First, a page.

Issue:  Vol. 44 / No. 47 / 20 November 2014
 
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Building renamed in honor of Milk

NEWS


m.bajko@ebar.com

A group of elected officials and Milk family members gather around the just-unveiled bust of Harvey Milk at the renamed Harvey Milk Memorial Administration Building at the Treasure Island Job Corps Center. Pictured are city Treasurer Jose Cisneros; Congresswoman Barbara Lee; former Mayor Willie Brown (partially obscured); Mirian Saez, Treasure Island Development Authority chief; Stuart Milk; House Speaker Nancy Pelosi; and Audrey Milk. Photo: Rick Gerharter
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A building on Treasure Island housing a federal program that trains at-risk youth now bares the name of Harvey Milk, the first openly gay man to win elective office in a major U.S. city who was assassinated 30 years ago.

The Treasure Island Job Corps Center renamed a campus building the Harvey Milk Memorial Administration Building last week in honor of Milk. It is the first federal building to be dedicated to an openly gay American.

At the November 25 dedication ceremony on the man-made island in the middle of the bay, a bronze bust of the gay rights pioneer similar to the one placed earlier this year inside City Hall was also unveiled.

"Our students are wearing buttons with one of Harvey Milk's famous quotes – 'Give 'em hope,'" said Brian Daher, San Francisco regional director for Job Corps. "It's very fitting because that's what we do at Job Corps – we provide hope through education and training to economically disadvantaged students who may not otherwise have that opportunity."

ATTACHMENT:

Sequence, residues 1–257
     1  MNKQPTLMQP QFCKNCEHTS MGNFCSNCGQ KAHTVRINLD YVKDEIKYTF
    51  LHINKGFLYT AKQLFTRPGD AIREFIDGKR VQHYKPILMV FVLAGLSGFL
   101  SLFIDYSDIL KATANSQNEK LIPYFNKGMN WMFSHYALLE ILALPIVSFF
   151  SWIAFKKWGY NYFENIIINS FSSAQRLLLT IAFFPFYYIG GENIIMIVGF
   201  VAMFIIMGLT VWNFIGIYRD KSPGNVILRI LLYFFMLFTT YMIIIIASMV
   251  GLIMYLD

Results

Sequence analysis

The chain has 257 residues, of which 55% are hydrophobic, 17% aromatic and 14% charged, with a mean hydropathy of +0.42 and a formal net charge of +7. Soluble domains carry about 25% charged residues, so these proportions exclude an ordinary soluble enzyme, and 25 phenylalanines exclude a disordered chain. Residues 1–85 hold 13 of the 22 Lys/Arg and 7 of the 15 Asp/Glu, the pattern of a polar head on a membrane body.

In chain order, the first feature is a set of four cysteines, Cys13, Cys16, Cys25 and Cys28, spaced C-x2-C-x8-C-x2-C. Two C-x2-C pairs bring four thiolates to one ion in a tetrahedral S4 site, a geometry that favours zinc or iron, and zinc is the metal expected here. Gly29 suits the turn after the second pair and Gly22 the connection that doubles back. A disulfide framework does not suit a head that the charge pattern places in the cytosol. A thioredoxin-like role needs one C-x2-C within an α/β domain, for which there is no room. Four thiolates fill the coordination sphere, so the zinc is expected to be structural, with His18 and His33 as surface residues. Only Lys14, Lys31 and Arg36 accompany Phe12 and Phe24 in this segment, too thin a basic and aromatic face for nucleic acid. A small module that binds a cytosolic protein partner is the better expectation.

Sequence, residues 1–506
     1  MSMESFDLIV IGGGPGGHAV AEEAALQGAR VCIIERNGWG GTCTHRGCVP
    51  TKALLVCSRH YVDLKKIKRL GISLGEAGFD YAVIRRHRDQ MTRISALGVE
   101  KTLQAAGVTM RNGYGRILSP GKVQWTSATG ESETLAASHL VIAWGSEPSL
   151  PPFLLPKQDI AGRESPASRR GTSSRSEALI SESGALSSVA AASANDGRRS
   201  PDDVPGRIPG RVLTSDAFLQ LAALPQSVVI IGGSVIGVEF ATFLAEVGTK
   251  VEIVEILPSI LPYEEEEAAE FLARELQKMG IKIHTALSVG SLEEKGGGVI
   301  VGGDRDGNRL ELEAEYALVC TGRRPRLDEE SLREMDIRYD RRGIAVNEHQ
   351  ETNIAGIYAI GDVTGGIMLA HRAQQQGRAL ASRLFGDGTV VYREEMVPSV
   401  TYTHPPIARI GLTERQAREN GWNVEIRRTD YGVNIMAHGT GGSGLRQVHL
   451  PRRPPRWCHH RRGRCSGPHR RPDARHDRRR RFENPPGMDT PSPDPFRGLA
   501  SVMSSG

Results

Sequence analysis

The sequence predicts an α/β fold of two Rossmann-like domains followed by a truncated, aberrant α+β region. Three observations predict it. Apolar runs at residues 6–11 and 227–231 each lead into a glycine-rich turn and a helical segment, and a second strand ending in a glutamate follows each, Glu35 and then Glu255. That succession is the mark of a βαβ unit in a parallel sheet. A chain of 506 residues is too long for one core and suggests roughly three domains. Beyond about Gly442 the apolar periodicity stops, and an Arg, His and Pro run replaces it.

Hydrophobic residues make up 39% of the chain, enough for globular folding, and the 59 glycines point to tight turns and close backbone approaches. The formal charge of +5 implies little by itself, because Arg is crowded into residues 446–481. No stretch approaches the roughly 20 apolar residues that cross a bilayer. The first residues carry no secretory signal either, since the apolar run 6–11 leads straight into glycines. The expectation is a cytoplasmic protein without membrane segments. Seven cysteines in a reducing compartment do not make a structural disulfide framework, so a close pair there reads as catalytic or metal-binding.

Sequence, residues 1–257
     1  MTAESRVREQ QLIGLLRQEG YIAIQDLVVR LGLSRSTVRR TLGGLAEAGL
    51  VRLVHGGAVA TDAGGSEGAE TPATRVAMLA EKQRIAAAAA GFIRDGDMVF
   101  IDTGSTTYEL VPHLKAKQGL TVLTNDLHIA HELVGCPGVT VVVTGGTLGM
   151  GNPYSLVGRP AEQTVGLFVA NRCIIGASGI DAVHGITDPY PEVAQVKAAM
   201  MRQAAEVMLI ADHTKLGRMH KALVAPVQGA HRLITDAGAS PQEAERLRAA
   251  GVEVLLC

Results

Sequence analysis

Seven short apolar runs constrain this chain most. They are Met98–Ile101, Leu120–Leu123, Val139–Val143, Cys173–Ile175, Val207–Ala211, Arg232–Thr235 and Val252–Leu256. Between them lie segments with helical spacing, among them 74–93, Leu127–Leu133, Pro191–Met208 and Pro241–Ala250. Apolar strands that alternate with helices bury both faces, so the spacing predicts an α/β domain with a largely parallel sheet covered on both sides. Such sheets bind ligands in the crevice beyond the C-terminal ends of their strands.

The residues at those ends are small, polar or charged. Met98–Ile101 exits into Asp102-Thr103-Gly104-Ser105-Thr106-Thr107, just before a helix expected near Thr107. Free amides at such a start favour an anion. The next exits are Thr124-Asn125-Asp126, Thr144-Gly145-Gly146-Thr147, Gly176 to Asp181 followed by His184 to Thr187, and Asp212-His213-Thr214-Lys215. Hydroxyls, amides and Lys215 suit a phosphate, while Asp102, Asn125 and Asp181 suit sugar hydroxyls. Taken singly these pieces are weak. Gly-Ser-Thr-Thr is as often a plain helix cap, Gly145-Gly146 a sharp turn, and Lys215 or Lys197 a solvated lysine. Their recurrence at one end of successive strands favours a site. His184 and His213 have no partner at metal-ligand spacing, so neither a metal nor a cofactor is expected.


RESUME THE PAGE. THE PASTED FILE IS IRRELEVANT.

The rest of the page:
The job corps center serves 600 students from across the country ages 16 through 24, many of whom are underprivileged and minority youth. Several on hand for last week's unveiling said they had never heard of Milk but welcomed seeing his name added to their campus.

"It's cool. I think it is a really good thing for job corps," said Vice President of Student Government Sajata Poole, 18, from the Bronx in New York City. "His being a supervisor was a major accomplishment."

Milk's openly gay nephew, Stuart, works for the company that helps run the job corps center. He was on hand for the dedication with his mother, Audrey Milk, and called it a fitting tribute to his uncle.

"Youth really are the hope for tomorrow. Harvey saw that and recognized that early on," Stuart Milk told the 75 students on hand to witness the unveiling.

House Speaker Nancy Pelosi (D-San Francisco), who helped secure the funding to open the job corps center, attended the ceremony and called Milk "a great patriot."

She said Milk's willingness to stand up for what he believed was right would serve as a "wonderful example" for the job corps' students.

"Harvey Milk was all about opportunity for everybody. Sure, he made it better for the LGBT community, but he made it better for everybody," said Pelosi, who marveled that the bust looked just like Milk. "He was comfortable in his own skin and wanted everyone else to be so as well."

Joining Pelosi was Congresswoman Barbara Lee (D-Oakland). Recently named chair of the influential Congressional Black Caucus, Lee also co-chairs the newly formed LGBT Equality Caucus in Congress.

"Harvey's life embodied all of the good that the human spirit embodies. He was a person who wanted us to live up to our potential regardless of sexual orientation," said Lee. "Thanks to Harvey Milk we have moved forward so far for human justice."

Sculptor Jonah Hendrickson, whose firm Daub Firmin and Hendrickson Sculpture Group created the bust and donated it to the job corps center, said he hoped it would inspire the young trainees who attend the campus to achieve their dreams.

"I know Harvey wanted so deeply for young people to feel a sense of purpose and hope. I hope the trainees here are inspired by Harvey's actions and words and are encouraged," he said.






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